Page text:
This is “Consumption Decisions in the Short Run and the Long Run”, section 3.7 from the book Managerial Economics Principles (v. 1.0).
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The main reason most consumers are unable to respond very quickly to an increase in gasoline prices is because there is not an effective substitute for automobile travel. However, if consumers were convinced that gasoline prices were going to continue to rise into the foreseeable future, they would gradually make changes to their lifestyles so that they are able to reduce gasoline consumption significantly. They could purchase more fuel-efficient cars or cars that use an alternative fuel, or they could change jobs or change residences so that they are closer to their places of employment, shopping, and such.
Economists distinguish short-run decisions from long-run decisions. A consumer decision is considered short runA time frame that occurs soon enough that individuals' consumption decisions are constrained by household assets, personal commitments, and know-how. when her consumption will occur soon enough to be constrained by existing household assets, personal commitments, and know-how. Given sufficient time to remove these constraints, the consumer can change her consumption patterns and make additional improvements in the utility of consumption. Decisions affecting consumption far enough into the future so that any such adjustments can be made are called long-runA time frame that is far enough in the future that individuals can make adjustments in their consumption decisions that will improve their utility or satisfaction. decisions.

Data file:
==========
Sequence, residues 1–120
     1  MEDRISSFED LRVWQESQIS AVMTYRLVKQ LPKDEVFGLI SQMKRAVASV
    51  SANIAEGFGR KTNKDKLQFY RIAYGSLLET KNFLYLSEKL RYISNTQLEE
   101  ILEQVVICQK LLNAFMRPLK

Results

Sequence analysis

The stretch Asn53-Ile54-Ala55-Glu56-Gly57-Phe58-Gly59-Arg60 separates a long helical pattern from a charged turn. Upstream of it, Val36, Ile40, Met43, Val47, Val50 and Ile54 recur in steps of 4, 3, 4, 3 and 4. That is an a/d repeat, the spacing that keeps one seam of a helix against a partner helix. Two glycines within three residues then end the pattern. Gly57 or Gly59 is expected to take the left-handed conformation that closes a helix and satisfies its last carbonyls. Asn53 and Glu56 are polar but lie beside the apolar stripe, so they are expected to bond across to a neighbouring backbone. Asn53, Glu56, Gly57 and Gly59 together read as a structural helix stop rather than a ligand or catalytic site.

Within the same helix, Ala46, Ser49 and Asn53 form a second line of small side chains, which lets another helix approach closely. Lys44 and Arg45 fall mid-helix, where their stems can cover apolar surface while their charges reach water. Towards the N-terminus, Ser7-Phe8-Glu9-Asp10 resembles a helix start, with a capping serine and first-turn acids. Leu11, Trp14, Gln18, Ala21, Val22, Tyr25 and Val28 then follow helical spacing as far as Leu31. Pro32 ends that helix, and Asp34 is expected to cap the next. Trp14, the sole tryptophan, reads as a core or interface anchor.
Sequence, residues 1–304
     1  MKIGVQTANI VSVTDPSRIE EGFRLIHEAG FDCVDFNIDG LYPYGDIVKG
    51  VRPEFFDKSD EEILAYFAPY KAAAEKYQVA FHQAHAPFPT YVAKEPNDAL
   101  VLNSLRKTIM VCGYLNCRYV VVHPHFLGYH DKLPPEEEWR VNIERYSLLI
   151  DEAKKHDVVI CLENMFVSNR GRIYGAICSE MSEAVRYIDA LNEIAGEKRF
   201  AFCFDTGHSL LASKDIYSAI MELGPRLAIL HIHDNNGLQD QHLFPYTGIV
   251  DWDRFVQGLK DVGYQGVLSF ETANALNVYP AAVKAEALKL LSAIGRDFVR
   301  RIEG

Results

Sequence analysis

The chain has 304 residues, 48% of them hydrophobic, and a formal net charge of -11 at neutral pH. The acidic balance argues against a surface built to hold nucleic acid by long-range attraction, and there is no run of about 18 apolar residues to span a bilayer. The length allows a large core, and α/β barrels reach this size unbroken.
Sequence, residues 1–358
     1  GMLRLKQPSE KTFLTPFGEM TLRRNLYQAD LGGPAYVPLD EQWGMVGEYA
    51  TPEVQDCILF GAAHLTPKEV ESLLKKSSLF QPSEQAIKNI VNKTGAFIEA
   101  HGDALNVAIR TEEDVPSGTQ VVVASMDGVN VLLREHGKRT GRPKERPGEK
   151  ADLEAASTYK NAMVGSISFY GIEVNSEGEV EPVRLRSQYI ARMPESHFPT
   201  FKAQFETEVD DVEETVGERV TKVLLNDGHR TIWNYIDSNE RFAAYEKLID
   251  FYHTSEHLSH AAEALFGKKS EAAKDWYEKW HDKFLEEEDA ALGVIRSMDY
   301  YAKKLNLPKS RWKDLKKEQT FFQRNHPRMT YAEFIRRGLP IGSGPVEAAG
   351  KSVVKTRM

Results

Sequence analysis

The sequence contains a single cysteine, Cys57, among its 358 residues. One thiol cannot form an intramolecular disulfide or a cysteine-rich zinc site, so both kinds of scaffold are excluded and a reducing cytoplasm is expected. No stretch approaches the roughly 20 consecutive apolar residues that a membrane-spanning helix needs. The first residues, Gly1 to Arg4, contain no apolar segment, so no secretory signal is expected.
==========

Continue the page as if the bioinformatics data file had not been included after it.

Demand functions and demand curves can be developed for short-run or long-run time horizons. Short-run demand curves are easier to develop because they estimate demand in the near future and generally do not require a long history of data on consumption and its determinant factors. Because long-run demand must account for changes in consumption styles, it requires longer histories of data and greater sophistication.
Elasticities of demand in the short run can differ substantially from elasticities in the long run. Long-run price elasticities for a product are generally of higher magnitude than their short-run counterparts because the consumer has sufficient time to change consumption styles.
There is so much uncertainty about long-run consumption that these analyses are usually limited to academic and government research. Short-run analyses, on the other hand, are feasible for many analysts working for the businesses that must estimate demand in order to make production decisions.